If you are reluctant to take the plunge, Microsoft will give you 2 years to do it. It’s official on the Microsoft support page.
Windows 8.1 is an important upgrade to Windows 8.0. The upgrade improves security, performance, and the user experience.
Apps have been upgraded with important new features. Workflow has been streamlined. However, there are several important reasons why you may want to delay deploying Windows 8.1.
Windows 8.1 – arriving October 17, 2013
In an organization, you will need to test Windows 8.1 against any custom installations you have, test network connectivity and communications. Testing will be required to make sure the connections to servers and databases are working.
Allowing Microsoft to pull the plug on the upgrade on October 22, 2013 could create IT problems. That’s probably why Microsoft fixed the bug in Windows 8.1 and Server 2012 that stopped automatic updates. See Series: 8 Days To Windows 8.1 – Automatic Updates or Not Rest easy. Relax and put your feet up on October 22, 2013. Let others be first and find the bugs.
Announcing Windows 8.1 Support Lifecycle Policy
“Windows 8.1 builds on the foundation of Windows 8, and includes many enhancements and great new features in key areas like personalization, search, the built-in apps, Windows Store experience, and cloud connectivity. Windows 8.1 also introduces new manageability, mobility, security, user experience and networking capabilities for businesses. The lifecycle of Windows 8.1 will remain under the same lifecycle policy as Windows 8 with support ending 1/10/2023.”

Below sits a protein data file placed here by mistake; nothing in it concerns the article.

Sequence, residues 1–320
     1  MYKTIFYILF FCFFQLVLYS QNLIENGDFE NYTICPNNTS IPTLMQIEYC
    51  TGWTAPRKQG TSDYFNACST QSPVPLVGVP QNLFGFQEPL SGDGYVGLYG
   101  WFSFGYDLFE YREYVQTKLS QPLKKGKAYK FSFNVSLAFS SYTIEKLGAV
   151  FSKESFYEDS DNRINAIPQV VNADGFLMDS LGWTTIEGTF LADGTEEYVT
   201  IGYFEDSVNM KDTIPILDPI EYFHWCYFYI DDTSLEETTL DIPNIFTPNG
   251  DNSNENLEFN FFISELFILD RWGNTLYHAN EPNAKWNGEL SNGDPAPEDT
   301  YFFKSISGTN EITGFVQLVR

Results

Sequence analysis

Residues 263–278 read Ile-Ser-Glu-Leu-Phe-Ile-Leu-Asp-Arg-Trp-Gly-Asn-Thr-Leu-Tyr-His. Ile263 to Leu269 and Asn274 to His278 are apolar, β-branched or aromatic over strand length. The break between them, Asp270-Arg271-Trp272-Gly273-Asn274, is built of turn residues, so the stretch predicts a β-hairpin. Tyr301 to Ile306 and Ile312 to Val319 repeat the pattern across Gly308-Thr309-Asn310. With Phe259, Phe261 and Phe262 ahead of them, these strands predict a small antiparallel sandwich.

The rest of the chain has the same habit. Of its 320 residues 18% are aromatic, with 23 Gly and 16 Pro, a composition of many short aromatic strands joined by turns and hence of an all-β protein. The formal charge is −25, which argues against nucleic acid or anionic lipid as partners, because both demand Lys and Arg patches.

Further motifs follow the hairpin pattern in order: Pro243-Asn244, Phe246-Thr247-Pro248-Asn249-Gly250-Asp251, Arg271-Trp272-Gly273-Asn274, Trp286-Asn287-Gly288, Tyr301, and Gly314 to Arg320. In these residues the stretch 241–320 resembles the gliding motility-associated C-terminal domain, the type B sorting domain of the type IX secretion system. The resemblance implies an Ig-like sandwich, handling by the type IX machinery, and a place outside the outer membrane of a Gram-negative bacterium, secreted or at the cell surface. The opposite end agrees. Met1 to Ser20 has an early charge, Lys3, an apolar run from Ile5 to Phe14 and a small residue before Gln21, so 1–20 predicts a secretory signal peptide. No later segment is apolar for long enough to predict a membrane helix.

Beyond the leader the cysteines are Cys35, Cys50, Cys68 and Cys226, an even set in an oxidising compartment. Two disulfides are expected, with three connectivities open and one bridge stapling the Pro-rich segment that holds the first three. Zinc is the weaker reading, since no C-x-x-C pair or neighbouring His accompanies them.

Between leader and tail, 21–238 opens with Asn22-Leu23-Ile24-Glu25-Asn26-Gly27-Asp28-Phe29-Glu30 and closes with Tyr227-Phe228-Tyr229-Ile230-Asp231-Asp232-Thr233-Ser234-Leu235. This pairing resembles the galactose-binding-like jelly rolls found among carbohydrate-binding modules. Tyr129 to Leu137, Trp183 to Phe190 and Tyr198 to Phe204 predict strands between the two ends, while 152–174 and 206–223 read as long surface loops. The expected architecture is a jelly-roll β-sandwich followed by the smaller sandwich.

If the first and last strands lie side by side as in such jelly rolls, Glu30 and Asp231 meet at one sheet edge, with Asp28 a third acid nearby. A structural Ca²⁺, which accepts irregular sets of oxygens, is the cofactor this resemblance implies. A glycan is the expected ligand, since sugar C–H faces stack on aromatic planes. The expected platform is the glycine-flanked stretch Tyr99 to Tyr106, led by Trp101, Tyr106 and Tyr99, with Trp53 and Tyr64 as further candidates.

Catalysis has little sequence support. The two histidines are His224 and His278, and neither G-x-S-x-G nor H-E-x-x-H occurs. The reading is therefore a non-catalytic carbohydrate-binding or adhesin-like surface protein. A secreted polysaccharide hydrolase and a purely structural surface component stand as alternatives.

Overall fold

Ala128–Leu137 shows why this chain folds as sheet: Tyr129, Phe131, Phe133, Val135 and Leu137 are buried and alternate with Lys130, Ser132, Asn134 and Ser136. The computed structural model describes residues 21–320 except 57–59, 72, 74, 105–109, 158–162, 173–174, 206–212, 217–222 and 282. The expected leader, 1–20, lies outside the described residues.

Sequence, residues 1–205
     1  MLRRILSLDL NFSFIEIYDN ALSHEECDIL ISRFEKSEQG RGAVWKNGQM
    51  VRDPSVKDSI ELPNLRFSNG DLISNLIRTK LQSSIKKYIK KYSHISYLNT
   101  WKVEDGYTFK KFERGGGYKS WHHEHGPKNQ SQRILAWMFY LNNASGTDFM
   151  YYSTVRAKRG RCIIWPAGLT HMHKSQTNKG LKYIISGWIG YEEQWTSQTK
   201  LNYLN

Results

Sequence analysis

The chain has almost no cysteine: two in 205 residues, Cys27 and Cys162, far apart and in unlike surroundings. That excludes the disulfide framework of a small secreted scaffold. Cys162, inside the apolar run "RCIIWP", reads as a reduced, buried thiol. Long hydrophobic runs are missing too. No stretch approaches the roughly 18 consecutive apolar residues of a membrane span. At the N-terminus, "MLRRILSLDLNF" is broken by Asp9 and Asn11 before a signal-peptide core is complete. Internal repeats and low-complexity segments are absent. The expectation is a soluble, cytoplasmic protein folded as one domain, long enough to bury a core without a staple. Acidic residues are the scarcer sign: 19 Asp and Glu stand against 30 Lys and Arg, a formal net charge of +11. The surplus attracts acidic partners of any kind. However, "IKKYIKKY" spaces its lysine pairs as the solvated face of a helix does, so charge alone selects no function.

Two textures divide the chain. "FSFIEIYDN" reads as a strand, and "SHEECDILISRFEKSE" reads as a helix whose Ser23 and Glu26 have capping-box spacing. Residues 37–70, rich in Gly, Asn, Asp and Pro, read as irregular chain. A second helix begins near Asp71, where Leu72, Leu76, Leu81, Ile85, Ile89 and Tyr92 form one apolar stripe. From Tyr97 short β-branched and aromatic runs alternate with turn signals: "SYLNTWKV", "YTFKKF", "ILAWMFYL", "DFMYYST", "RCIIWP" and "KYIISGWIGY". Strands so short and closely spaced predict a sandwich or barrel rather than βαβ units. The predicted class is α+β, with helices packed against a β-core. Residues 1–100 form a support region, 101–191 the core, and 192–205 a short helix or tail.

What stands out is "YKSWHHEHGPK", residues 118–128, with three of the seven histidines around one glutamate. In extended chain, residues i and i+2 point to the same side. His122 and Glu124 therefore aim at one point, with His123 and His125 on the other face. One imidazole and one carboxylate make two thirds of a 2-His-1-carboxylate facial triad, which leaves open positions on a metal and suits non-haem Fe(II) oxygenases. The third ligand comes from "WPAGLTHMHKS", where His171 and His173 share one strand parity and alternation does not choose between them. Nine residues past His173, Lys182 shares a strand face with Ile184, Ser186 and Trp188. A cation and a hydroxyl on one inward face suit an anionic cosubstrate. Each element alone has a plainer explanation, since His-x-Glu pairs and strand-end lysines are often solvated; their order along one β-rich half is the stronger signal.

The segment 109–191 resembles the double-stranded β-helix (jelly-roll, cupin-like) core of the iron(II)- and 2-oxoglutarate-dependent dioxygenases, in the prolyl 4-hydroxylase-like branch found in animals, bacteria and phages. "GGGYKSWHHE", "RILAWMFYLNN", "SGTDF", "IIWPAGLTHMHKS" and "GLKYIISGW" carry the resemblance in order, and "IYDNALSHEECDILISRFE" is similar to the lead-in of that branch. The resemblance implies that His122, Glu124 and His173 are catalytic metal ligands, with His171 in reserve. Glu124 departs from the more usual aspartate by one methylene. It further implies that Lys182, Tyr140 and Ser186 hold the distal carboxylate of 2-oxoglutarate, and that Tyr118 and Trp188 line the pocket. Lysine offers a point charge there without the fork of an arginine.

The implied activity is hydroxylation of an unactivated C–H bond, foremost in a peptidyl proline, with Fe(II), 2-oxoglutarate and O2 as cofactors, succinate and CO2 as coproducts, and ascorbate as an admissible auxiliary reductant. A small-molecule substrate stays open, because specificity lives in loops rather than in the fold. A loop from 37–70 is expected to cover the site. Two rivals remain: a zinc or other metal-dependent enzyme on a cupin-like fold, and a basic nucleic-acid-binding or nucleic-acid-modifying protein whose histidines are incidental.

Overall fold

“Windows 8 customers will have two years to move to Windows 8.1 after the General Availability of the Windows 8.1 update to continue to remain supported under the Windows 8 lifecycle. With the availability of Windows 8.1 Enterprise Preview, it is time to start planning your deployment, and there are deployment tools and guidance available to help make these updates seamless for customers.”
Windows 8.1 free upgrade
Windows 8.1 is a free update for Windows 8 users, available on the Windows Store starting October 18, 2013. Users of Windows 7 and earlier versions can buy Microsoft Windows 8.1 – Full Version for $120, available on pre-order from Amazon.com.
Here’s a tip. If you don’t already have Windows 8.0, you can save some money by finding a discounted copy of Windows 8.0 upgrade and get the update free. Amazon.com still has Microsoft Windows 8 Pro – Upgrade